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Tour de France News Extra for July 14, 2004

Edited by Jeff Jones

Australian Round up

By John Trevorrow in Gueret

A desperate lunge pays off

Robbie McEwen (Lotto-Domo)
Photo ©: Sirotti
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A final desperate lunge gave Robbie McEwen (Lotto-Domo) the narrowest of victories over Norwegian powerhouse Thor Hushovd and an equally fast finishing Stuart O'Grady. The breakaway pair Landaluze and Simeoni looked to have just done enough to hold off the charging peloton, only to be snaffled up with only 50 metres to go.

The margin may have been small but the benefit was great. With only two stages left for the sprinters to fight out, today's result extends Robbie's lead in the Maillot Vert classification to a handy 18 points over Hushovd, with O'Grady a further 5 points in arrears.

Five Australians finished in the top 14 of today's stage, with Baden Cooke (12th), Scott Sunderland (13th) and Allan Davis (14th) rounding out the quintet.

An obviously elated McEwen dedicated his win to the birth of his nephew Zac, delivered this morning to parents Cameron (Robbie's brother) and wife Ilana. Despite the win, Robbie has a major injury concern that began to flare-up during yesterday's routine training ride.

"I actually had real trouble yesterday in training. I had to stop five or six times and I was worried that I might not even start today. I landed right on the knee, but it's not just an injury from the crash. I've got some tendonitis in my left knee. Nick Gates had a similar problem so obviously it's a big concern. After crashing at Arras I was covered in bruises on my bum and my back. My muscles have tightened up and I've had to slightly change my pedalling style that has exacerbated the tendonitis. The other problem is the physio needs to exert pressure in certain places but he can't because there's no skin there."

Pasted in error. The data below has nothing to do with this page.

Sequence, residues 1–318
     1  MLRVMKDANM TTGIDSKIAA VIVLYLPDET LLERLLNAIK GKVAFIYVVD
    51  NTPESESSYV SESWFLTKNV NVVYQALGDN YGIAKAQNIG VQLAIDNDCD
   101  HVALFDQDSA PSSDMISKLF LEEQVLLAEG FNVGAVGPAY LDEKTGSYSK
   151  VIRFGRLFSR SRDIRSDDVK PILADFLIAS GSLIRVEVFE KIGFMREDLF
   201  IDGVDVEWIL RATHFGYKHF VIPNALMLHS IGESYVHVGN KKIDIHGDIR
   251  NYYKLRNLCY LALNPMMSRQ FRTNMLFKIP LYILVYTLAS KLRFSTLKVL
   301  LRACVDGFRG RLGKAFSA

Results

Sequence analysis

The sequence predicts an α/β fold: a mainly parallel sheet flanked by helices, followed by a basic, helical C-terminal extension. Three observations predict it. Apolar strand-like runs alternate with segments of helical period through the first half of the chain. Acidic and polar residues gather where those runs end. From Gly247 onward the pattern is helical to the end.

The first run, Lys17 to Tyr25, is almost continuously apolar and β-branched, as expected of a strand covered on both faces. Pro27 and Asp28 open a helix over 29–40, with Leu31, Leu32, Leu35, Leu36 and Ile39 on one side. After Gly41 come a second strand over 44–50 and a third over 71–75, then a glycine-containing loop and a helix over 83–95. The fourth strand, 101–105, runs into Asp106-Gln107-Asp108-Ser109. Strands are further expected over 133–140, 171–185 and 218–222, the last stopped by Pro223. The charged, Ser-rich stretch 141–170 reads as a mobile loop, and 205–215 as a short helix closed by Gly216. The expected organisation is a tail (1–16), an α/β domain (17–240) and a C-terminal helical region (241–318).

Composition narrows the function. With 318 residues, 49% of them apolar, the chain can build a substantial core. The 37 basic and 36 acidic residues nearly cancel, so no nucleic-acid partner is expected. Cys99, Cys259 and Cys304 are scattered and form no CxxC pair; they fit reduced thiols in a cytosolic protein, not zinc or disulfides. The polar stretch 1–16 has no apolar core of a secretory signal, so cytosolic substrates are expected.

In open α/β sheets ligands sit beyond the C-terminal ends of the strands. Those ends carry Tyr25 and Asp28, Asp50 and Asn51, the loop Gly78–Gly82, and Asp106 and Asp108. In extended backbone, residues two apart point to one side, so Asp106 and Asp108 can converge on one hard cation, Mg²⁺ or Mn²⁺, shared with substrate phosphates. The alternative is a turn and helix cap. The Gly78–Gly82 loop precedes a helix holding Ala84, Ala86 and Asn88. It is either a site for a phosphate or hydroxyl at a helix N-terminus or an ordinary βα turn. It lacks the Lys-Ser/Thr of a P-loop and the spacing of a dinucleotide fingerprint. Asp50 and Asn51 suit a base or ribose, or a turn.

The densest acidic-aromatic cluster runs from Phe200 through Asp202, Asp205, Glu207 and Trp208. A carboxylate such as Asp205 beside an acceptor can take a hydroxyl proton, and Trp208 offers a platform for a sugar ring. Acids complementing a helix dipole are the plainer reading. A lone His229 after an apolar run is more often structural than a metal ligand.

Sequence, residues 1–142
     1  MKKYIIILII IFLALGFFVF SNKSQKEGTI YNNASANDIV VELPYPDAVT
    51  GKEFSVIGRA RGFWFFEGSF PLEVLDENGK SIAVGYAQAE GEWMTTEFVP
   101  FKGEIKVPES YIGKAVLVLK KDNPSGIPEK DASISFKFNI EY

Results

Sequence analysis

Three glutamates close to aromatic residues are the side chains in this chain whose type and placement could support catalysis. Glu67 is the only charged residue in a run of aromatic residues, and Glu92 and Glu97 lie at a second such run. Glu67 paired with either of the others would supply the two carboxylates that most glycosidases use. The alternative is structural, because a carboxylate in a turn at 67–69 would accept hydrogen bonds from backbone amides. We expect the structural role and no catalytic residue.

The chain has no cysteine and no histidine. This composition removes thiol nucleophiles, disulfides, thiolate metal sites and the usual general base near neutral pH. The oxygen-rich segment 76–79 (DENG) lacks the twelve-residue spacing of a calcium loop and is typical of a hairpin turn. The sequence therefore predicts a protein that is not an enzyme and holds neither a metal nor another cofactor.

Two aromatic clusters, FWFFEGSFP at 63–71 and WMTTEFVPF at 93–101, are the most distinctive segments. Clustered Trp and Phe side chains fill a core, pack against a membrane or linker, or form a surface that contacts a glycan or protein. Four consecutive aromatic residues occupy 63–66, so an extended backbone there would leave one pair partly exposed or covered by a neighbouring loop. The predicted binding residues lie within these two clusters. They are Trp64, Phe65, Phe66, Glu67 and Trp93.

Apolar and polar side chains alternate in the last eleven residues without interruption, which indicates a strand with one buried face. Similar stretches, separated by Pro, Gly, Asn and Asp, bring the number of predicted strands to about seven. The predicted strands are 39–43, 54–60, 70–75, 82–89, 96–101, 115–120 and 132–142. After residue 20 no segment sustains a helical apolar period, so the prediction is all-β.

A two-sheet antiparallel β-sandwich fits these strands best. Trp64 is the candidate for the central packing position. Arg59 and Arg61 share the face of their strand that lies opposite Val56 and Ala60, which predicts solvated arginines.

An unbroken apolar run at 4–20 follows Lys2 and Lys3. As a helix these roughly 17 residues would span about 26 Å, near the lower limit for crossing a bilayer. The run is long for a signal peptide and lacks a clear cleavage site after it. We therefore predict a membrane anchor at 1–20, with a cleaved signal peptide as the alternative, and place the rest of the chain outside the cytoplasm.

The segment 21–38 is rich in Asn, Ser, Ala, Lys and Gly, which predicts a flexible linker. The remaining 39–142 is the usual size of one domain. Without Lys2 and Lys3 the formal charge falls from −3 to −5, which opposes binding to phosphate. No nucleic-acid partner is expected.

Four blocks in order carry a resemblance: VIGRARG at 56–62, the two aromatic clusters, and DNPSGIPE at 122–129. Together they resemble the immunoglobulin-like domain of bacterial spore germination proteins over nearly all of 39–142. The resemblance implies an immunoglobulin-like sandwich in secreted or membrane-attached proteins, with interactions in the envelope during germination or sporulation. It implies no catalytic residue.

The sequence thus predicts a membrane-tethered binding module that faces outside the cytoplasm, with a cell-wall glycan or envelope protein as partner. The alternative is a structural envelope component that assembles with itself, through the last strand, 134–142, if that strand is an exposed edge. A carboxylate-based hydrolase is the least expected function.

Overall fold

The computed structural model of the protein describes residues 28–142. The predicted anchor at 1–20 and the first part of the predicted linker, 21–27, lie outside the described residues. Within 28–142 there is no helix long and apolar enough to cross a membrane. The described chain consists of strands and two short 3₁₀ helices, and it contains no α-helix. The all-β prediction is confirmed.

Whilst the injury could yet affect Robbie significantly, he emphasised that his victory today was achieved with a body that is still very much capable. "I don't want it to sound like I'm a one-legged man winning stages in the Tour de France. I've still got some pretty good condition aside from the knee. I'll just have to see how it goes tomorrow."

Robbie observed that compatriot Stuart O'Grady might still be his biggest danger, owing to his penchant for escaping the peloton. "Stuey loves a breakaway. I was talking to him about it during the race today and he said he's going to have another go at getting away over the next few days. I guess I've got to hope they catch him before the finish."

Robbie fielded a question regarding the expiration of his contract at the end of this year. "I honestly haven't given it much thought. I've got more important matters to think about at the moment. Hopefully I can make myself a little bit more valuable over the course of the Tour. I've really got to think about just getting through the Tour. If the worst thing happens, at least I've got the satisfaction of two stage wins and being the quickest man on the Tour."

Robbie was glowing in his tribute to his current team, Lotto Domo. "When I do start to negotiate with a team, it will have to have riders like Marichal, Vansevenant and Vierhouten. They did a fantastic job for me today; they put it all on the line and just rode their backsides off. It's great how the team has faith in me, even though I'm not one-hundred percent."

O'Grady third

Stuart O'Grady (Cofidis)
Photo ©: Jon Devich
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Stuart O'Grady was slightly disappointed despite his strong showing, as he genuinely felt like he could have won the stage with fortune on his side. "It was a tight sprint. I was forced into the barricades and I only got out in the final few metres. I got about ten pushes of the pedals in before the line. I just needed another five metres."